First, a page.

Crafty financing and shrewd management allowed SEPTA to break ground on the reconstruction of the 23rd and Venango Bus Loop yesterday. The $1.4 million project is being done with federal funds left over from the 33rd and Dauphin Bus Loop that SEPTA rebuilt last September.
Today the bus loop is a featureless, pull-through parking lot with two bus shelters and a bathroom facility. When this 10-month overhaul is complete, the bus loop will have new bus boarding islands, passenger shelters, enhanced lighting, trash cans, recycling bins, improved signage and bicycle racks.
The sidewalks will be repaved, and a stormwater management infiltration basin will be installed below ground. The entire site will be ADA-accessible thanks to raised boarding platforms and new curb cuts.
New landscaping will help ensure that the transit hub “will not only be an important SEPTA bus loop, but a grand gateway,” SEPTA General Manager Joseph Casey said.
The bus loop serves more than 5,000 riders daily on the routes 1, 33, 56 and R.
“This is an important [project] because this is a transit loop that is as important to the people who live here as any other development,” said U.S. Congressman Chaka Fattah, who SEPTA officials said was instrumental in securing the funding for this and the 33rd and Dauphin Bus Loop.
Ronald Hinton, president of the Allegheny West Foundation, said Wednesday’s groundbreaking is one in a string of groundbreakings and ribbon cuttings the area has seen.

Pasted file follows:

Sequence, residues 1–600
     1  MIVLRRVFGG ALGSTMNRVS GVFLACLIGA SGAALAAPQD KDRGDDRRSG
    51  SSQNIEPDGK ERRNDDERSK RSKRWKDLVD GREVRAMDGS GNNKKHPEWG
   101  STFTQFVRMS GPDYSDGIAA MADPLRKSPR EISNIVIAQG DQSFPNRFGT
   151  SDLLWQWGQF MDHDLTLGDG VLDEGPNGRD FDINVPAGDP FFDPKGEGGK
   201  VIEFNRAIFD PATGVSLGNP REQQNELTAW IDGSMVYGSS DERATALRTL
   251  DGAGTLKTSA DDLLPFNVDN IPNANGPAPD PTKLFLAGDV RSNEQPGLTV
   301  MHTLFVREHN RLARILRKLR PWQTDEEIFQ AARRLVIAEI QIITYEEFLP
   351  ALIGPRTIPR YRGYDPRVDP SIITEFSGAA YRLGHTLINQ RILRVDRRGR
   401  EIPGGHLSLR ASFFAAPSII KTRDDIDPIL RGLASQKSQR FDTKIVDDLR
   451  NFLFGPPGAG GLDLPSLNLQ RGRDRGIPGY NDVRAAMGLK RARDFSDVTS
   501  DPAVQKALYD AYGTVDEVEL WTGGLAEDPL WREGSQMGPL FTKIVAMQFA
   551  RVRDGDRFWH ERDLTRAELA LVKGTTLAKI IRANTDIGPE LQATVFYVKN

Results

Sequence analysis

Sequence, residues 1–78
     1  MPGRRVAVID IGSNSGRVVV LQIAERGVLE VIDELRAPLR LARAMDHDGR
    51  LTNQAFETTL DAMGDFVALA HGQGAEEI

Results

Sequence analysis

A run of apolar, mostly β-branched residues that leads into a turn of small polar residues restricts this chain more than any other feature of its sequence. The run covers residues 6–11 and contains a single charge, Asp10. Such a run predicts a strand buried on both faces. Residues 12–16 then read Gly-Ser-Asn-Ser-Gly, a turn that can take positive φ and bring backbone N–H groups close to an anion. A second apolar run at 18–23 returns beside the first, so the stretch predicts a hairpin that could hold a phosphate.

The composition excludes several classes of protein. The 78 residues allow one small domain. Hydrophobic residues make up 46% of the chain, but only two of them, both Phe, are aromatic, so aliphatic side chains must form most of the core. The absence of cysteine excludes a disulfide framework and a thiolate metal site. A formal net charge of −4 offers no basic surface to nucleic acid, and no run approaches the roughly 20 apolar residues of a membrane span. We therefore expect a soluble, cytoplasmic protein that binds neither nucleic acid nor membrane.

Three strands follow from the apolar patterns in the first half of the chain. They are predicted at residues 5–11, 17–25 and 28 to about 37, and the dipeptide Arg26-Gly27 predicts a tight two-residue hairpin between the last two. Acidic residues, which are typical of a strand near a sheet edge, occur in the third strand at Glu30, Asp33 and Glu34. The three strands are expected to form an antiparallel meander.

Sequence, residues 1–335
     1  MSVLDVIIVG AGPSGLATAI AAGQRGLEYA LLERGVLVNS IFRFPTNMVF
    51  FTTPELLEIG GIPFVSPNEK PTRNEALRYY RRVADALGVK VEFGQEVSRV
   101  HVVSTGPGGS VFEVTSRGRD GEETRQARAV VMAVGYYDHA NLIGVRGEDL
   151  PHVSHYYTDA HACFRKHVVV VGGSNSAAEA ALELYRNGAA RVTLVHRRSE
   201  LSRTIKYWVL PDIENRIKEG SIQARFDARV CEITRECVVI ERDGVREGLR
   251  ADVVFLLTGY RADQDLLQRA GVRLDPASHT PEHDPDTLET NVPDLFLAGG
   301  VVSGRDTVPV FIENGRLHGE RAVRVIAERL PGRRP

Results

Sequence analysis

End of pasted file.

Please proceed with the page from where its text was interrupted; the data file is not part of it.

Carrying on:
“You will be coming to more because we are working together to improve the neighborhood,” he said.
The bus loop will be closed during construction, and passengers will be directed to temporary stops nearby. SEPTA Deputy General Manager Jeff Knueppel thanked customers for their patience during construction.
“We believe the end product will definitely be worth the wait,” he said.
From 2012-2014 Christine covered transportation, writing about everything from pedestrian concerns to bicycle infrastructure, bridges, trail networks, public transit and more. Her favorite assignments sent her bushwhacking through Philadelphia’s yet-to-be-cleared bike trails, catching a glimpse of SEPTA’s inner workings or pounding the pavement to find out what pedestrians really think. Christine also covered community news for Eyes on the Street, where her work ranged from food sovereignty to public art and urban greening. She first joined PlanPhilly in fall 2011 as an intern through a partnership with Temple University’s Philadelphia Neighborhoods website.